It was this loyalty, oddly enough, that encouraged the Cliffords not to renew their organic certification. When feed prices and other costs associated with the farm went way up over the last few years, Julie and Rich Clifford maintained their commitment to farming with the same earth-friendly techniques that they had always used, but they had to consider whether it was worthwhile to invest money in the certification process. When they took the question to their customer base to see how they would feel about a rise in cost, the response was heartening. Julie says that their consumers told them "we know you, we're comfortable with the way you do things" and were comfortable buying from them without the official stamp of ap­proval. This is a positive sign to Julie that people are developing more of a connection to, and more ownership of, their food. When it comes to the current fervor for local, organic produce, "there is always a faction that will do it just because it's popular right now, but as people get into it and develop the habits and enjoy the quality, I think people will come to expect and demand it."

You can find the Cliffords' produce, eggs, and meats at restaurants around Utah including Tin Angel, Communal, Frida Bistro, Talisker, Pizzeria Seven Twelve, and Avenues Bistro on Third, among others. Meat is also available year-round through their website at cliffordfamilyfarm.com From now through spring, you can purchase pork, eggs and honey and sometimes greens at the weekly Mon­day drop at 738 S 600 E in Salt Lake. Info: 801-368-7250.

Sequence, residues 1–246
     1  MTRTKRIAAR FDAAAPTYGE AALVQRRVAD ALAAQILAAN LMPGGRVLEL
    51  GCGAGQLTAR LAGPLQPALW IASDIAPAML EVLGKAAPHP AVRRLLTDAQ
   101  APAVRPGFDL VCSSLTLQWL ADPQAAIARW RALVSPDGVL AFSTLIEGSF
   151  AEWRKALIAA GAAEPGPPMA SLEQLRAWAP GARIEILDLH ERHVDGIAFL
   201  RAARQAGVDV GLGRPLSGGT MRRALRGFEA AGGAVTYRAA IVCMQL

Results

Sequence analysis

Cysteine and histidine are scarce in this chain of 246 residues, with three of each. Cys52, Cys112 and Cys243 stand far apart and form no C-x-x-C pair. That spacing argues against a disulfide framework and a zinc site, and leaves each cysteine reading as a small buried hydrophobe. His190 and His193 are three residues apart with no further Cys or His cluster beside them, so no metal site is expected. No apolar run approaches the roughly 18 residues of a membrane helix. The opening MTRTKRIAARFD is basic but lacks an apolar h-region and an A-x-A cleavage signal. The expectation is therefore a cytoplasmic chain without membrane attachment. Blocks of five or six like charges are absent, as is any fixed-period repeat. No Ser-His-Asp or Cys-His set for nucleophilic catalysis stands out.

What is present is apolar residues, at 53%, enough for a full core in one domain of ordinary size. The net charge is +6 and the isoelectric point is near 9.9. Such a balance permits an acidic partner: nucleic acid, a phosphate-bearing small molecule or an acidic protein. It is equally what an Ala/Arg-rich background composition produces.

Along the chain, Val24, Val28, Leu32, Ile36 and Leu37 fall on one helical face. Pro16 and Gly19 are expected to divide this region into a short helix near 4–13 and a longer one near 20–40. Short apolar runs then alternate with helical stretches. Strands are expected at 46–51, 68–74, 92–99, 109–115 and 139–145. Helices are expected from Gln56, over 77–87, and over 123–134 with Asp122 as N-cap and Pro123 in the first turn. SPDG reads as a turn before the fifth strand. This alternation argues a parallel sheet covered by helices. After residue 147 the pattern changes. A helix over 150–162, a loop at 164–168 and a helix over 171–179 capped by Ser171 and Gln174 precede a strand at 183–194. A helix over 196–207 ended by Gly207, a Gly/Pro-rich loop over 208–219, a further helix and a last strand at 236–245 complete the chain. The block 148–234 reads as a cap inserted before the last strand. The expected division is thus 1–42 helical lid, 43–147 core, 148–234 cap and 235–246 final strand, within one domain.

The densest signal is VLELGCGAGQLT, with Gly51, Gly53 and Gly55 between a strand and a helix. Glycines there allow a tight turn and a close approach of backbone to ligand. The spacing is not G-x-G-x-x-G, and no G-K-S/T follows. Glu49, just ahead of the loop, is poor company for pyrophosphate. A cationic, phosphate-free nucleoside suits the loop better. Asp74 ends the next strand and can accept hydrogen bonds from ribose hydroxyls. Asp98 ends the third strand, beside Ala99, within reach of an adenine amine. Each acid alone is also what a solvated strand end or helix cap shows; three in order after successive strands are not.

Regular readers of CATALYST are aware of the myriad benefits of eating locally, but if you haven't been sure where to start beyond attending your weekly farmer's market, we've got you covered: For the next year, in partnership with Slow Food Utah, CATALYST will be bringing you info about local resources for eating well. Slow Food Utah is a chapter of the national Slow Food USA organization, itself part of a global grassroots movement that aims at providing food that is, in all ways, better—for the people eating it, for the people growing it, and for the land base it comes from. Thanks to a micro-grant program sponsored by Slow Food Utah, locally focused projects that increase biodiversity, provide access to more healthful food, or contribute to our community's knowledge base are springing up on farms, community gardens, and backyards all across Utah. Whether you're looking to connect with local farmers, or are considering your own farming project, CATALYST will be bringing you profiles of the recent recipients of Slow Food Utah's micro-grant program to help map out the local farming landscape.

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Adele Flail

Adele Flail

Adele Flail is an artist and a burgeoning urban homesteader on SLC’s west side.

Website: www.facebook.com/adele.flail